Shia LeBeouf didn't laugh at my son at Oscars 2020: Zack Gottsagen's mom - New York Post

Shia LeBeouf didn't laugh at my son at Oscars 2020: Zack Gottsagen's mom - New York Post

11 February 2020

Shia LaBeouf is getting the last laugh at haters who accused him of snickering at Zach Gottsagen, who has Down syndrome, at Oscars 2020.

While announcing the award for Best Live Action Short on Sunday at the Dolby Theatre in Hollywood, LaBeouf, 33, appeared to deviate from his lines to let out a laugh. Many on Twitter interpreted the giggle to be maliciously directed at his “The Peanut Butter Falcon” co-star, Gottsagen, 34.

But Gottsagen’s own mother has come to the “Transformers” star’s defense.

“Shia is just wonderful, you know? We really love him. If anything, I think they were grinning because it was hard to get the envelope open,” Shelley Gottsagen, 64, tells TooFab. “Their friendship is really, really beautiful … It upset me when I thought that somebody was thinking that Shia could have ever had a kind of negative attitude ’cause he’s been nothing, nothing, nothing but supportive.”

The pair became “tight” while filming the movie about a man who runs away from a North Carolina care facility, Gottsagen says.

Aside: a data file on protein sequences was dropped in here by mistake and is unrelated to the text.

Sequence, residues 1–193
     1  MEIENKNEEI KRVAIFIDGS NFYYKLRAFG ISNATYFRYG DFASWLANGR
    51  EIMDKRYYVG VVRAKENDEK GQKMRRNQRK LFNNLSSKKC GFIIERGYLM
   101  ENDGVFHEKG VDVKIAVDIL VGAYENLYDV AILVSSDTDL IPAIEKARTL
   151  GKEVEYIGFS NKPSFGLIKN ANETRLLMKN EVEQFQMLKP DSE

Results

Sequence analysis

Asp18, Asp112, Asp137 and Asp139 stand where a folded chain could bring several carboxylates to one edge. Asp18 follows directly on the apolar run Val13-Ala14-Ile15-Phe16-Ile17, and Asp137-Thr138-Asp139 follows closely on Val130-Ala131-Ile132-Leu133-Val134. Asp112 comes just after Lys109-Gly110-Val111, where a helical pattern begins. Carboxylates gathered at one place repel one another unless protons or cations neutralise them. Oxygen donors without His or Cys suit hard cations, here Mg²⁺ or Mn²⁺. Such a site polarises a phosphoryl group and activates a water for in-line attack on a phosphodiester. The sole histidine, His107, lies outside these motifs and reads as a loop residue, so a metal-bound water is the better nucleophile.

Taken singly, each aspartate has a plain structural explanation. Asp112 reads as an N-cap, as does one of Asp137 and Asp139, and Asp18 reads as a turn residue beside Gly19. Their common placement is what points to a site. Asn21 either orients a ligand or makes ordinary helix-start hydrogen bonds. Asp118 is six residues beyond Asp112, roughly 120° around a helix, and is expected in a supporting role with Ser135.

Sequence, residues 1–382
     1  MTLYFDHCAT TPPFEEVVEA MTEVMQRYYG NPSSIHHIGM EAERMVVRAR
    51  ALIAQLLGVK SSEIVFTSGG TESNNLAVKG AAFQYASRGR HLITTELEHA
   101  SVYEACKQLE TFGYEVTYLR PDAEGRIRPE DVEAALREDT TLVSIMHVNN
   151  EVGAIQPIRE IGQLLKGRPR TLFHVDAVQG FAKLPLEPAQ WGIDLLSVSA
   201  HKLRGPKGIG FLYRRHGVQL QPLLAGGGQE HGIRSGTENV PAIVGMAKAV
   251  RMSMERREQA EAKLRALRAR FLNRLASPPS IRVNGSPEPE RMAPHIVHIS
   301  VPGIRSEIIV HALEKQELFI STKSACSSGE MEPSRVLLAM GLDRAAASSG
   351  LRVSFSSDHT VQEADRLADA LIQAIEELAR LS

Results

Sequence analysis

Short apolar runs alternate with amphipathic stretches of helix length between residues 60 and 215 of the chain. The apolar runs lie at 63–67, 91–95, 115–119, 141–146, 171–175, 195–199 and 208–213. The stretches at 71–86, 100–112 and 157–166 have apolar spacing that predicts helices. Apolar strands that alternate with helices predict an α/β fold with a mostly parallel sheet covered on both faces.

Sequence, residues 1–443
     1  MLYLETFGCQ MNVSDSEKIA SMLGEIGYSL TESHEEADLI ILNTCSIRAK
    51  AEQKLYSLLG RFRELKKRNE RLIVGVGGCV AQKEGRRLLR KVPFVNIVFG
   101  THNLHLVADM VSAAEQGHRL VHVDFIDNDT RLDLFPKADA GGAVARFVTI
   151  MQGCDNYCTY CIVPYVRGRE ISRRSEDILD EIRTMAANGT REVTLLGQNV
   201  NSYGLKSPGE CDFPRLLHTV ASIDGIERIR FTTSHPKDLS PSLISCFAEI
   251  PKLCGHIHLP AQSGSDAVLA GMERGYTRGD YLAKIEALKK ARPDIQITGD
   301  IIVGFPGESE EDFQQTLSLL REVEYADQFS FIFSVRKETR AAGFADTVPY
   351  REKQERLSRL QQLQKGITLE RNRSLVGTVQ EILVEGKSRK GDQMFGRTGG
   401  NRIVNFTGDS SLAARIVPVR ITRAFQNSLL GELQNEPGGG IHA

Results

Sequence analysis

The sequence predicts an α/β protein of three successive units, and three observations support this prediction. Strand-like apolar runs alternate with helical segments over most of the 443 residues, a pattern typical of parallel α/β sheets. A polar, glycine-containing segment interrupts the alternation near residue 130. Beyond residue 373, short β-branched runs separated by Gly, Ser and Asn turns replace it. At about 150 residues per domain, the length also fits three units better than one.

“They love each other [and] really encourage each other,” she says, “Shia’s been very supportive of Zack as an actor, his professionalism. [He] did a lot with promoting the movie, you know, which, Shia always doesn’t — that’s not really his thing, but he did it for Zack.”

LaBeouf’s “Honey Boy” director, Alma Har’el, 44, also came to the actor’s defense, pointing out that he had only agreed to present the award if Gottsagen could co-present with him.

Gottsagen made history as the first person with Down syndrome to present at the Oscars, according to Jay Ruderman, president of the Ruderman Family Foundation, a disability rights organization.

“For nearly a century, disability has been glaringly left out of the conversation on diversity in Hollywood, [so this] award presentation marks a substantive step forward for both the Academy and the entertainment industry as a whole,” Ruderman said in a statement. “It is our sincere hope that this milestone serves as a springboard for greater inclusion in Hollywood, including through increased authentic casting of actors with disabilities in disability-based roles, and able-bodied based roles.”

The Post has reached out to LaBeouf for comment.

While filming “The Peanut Butter Falcon” in 2017, LaBeouf was arrested for public drunkenness. He reportedly used some of his time in court-ordered rehab to write the semi-autobiographical script for the acclaimed “Honey Boy.”


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